but not blasphemy against the Holy Spirit.


We know blasphemy can be forgiven,

because in 1st Timothy Chapter 1,[ OPEN ]

the Apostle Paul wrote

that he himself was guilty of blasphemy

back when he was persecuting Christians,

before he became a Christian himself.


In 1 Timothy Chapter 1, beginning with Verse 12, Paul wrote


12 I thank Christ Jesus our Lord,

who has given me strength,

that he considered me faithful,

appointing me to his service.


13 Even though I was once a blasphemer

and a persecutor and a violent man,

I was shown mercy

because I acted in ignorance and unbelief.


So, Paul had been a blasphemer,

but he was forgiven.

He had acted “in ignorance and unbelief.”


Paul had not blasphemed against the Holy Spirit.




Now, up to this point

we’ve looked at examples of unbelievers who sinned,

and who later turned to Christ for forgiveness.


But, what about believers?


Even Christians do sin and receive forgiveness from God.


1 John 1:9 says,


“If we confess our sins,

he is faithful and just

and will forgive us our sins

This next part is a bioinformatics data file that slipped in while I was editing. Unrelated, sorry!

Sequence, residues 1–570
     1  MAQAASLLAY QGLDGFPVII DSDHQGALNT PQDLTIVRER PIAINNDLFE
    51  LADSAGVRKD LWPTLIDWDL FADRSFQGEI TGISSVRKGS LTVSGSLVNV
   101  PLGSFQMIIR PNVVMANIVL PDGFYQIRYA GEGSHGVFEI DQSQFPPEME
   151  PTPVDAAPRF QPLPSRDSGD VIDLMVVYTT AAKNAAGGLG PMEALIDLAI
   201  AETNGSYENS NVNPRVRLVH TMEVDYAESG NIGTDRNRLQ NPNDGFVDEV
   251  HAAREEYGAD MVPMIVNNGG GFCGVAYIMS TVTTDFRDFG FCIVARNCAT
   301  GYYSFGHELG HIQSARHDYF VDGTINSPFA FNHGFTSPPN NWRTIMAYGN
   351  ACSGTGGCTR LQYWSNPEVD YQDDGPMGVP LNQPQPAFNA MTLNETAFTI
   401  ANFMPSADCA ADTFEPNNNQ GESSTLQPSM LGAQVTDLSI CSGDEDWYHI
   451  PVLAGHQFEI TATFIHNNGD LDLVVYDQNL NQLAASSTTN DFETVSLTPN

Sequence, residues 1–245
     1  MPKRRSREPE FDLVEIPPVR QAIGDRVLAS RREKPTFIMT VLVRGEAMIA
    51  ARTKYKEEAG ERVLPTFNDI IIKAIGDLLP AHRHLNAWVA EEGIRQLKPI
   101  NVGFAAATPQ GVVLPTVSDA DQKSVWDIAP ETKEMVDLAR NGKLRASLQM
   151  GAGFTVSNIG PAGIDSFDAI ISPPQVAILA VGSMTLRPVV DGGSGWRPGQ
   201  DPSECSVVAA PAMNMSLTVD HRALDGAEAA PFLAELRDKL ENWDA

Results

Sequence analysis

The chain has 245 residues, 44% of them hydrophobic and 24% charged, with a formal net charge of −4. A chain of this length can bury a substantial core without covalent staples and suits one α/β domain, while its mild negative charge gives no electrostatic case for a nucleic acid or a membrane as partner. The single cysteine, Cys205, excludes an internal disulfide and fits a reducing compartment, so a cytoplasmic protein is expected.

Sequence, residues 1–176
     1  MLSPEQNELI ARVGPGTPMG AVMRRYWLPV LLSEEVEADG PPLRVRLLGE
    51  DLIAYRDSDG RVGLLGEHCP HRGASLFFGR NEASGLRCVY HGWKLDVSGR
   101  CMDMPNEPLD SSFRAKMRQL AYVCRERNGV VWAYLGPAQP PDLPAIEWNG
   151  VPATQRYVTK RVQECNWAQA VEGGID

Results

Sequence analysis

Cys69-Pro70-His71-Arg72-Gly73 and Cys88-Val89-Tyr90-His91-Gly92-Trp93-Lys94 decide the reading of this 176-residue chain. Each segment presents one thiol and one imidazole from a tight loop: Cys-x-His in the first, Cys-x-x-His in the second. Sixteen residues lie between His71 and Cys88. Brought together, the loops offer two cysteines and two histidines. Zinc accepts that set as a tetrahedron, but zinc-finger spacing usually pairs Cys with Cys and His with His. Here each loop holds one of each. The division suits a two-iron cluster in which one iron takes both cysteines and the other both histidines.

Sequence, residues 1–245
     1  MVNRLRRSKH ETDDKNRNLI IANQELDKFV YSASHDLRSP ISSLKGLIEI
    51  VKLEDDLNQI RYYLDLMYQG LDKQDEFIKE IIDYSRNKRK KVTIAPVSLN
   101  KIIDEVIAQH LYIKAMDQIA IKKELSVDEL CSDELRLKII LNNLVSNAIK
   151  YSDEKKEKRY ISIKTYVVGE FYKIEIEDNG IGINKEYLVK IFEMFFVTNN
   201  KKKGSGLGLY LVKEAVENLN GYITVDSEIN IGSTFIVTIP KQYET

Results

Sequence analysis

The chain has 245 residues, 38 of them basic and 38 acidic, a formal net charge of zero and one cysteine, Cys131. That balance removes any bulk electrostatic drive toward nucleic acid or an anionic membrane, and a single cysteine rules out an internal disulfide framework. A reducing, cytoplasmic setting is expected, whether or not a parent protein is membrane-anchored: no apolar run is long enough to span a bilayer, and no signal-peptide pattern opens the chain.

and purify us from all unrighteousness.”



And at John 10:28 he says,

“I give them eternal life,

and they shall never perish;

no one can snatch them out of my hand.”


So, you don’t need to be afraid

that Satan has snatched you

out of Jesus’ hand.


But, as I mentioned at the beginning of this sermon,

 sincere believers sometimes worry

that they may have committed ‘the unpardonable sin.’ 


They desperately want God’s forgiveness,

but fear that they aren’t eligible. 


They may be thinking about

the 10th Chapter of the letter to the Hebrews

which talks about

people in the churches

who put themselves

in a very bad position with God.


It’s in Hebrews Chapter 10, beginning with Verse 26.


There it says,


26 If we deliberately keep on sinning

after we have received the knowledge of the truth,

no sacrifice for sins is left,

27 but only a fearful expectation of judgment

and of raging fire

that will consume the enemies of God.


28 Anyone who rejected the law of Moses died without mercy on the testimony of two or three witnesses.

29 How much more severely

do you think a man deserves to be punished

who has trampled the Son of God under foot,

who has treated as an unholy thing

the blood of the covenant that sanctified him,

and who has insulted the Spirit of grace?


30 For we know him who said,

"It is mine to avenge; I will repay,"

and again, "The Lord will judge his people."

31 It is a dreadful thing

to fall into the hands of the living God.


So, again, it is talking about those who have

insulted the Spirit of grace

and who “deliberately keep on sinning.


Only now it’s talking about people

who do that AFTER coming to know the truth

and coming into Christian fellowship.


Sometimes Christians backslide,

but Hebrews doesn’t seem to be talking about that.


Sometimes people stop going to church

and start going to bars instead.